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Makahiki, a Celebration of the Harvest

Community Contributed

By Glenn I. Teves, UH CTAHR Molokai Extension Agent

In ancient Hawaii, the rising of the constellation Makali’i, also known as Pleiades or the Seven Sisters, signaled the start of the Makahiki season and the season of the harvest. Southerly storms signaled the arrival of Lono i ka Makahiki, a special season to give thanks for the bounty of food, and another year without famine. The celebration of abundance was probably the most important aspect of Makahiki, while also giving thanks to the God Lono, the god of fertility, agriculture, rain, music, and peace for blessing our fertile, fat lands or ‘aina momona. 

This was a time when wars ceased, the bountiful harvest was celebrated, and new fields were planted in anticipation of spring rains. With this reprieve from war, crops could be planted in peace with no threat of war. The Makahiki season usually covered a period of four lunar months from October or November to February or March. This season of gratitude was also a time of celebration, with games of skill, strategy and strength to keep mind, body, and spirit pono or in correctness, and to prepare the community for the arrival of spring when skirmishes and wars returned. 

Games included boxing or mokomoko, running or kukini, spear throwing or o’o ihe, tug of war or huki huki, sled racing or papa holua, checkers or konane, chicken fighting or haka moa, stone disc rolling or ulu maika, arm wrestling or uma, surfing or papa he’e nalu, cliff diving or lelekawai, and many, many others.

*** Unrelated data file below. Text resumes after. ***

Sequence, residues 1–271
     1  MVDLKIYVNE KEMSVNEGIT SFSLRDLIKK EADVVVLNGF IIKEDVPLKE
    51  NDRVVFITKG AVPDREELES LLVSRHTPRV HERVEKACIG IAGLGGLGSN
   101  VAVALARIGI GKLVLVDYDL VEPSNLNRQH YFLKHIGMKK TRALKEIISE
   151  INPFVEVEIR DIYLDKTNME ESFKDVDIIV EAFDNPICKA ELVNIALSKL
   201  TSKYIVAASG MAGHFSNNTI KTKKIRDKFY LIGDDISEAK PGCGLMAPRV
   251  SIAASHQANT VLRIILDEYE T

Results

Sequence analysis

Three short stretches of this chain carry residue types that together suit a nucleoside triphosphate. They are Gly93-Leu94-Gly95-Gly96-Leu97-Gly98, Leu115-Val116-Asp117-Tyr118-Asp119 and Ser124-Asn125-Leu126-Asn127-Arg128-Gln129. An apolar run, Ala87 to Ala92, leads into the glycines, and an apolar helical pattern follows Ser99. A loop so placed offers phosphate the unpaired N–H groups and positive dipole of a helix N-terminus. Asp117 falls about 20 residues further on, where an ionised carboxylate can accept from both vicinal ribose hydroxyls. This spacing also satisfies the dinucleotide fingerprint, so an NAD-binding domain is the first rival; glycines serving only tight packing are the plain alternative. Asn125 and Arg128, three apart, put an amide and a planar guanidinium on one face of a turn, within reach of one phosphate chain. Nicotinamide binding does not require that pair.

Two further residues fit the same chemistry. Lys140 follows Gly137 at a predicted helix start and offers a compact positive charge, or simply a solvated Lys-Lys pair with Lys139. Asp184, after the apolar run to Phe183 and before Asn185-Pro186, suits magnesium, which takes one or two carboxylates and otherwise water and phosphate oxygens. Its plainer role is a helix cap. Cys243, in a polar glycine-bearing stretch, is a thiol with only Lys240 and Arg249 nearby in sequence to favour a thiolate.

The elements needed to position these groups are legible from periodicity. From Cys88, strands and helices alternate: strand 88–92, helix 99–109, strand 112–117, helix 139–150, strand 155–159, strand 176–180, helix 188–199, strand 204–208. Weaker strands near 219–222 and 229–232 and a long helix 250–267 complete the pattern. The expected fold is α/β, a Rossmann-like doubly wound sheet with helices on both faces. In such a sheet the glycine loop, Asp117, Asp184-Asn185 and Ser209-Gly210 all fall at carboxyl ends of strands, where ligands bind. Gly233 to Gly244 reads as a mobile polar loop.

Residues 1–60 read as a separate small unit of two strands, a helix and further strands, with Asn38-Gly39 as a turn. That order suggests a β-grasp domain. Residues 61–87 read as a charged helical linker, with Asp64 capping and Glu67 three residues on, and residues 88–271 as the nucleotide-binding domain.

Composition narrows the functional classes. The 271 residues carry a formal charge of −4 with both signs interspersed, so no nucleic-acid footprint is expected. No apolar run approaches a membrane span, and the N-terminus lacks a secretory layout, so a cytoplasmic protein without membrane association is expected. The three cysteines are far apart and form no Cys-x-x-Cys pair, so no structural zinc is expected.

It also a time when residents of each land district paid tribute or taxes deposited at the ahupua’a or pig altar located on ancient boundaries of land districts, and collected by the konohiki or district managers for the ali’i or rulers. This could include the bounties of the district, including special products created by inhabitants of that specific ahupua’a. Some ancient South American cultures also celebrated the harvest season with the rising of this same constellation, including the Quechua people of Equador.

This year, we celebrate the 40th anniversary of the Molokai Makahiki. From its humble beginnings in 1982 it has blossomed into one of the most important cultural events on Molokai. We recognize all who have nurtured this event to what it is today honoring the spirit of Molokai’s ohana and its history, especially its opio or youth representing their island districts and their schools each year for four generations! After a brief hiatus, the Molokai Makahiki returns, and the spirit and celebration of the Makahiki continues.


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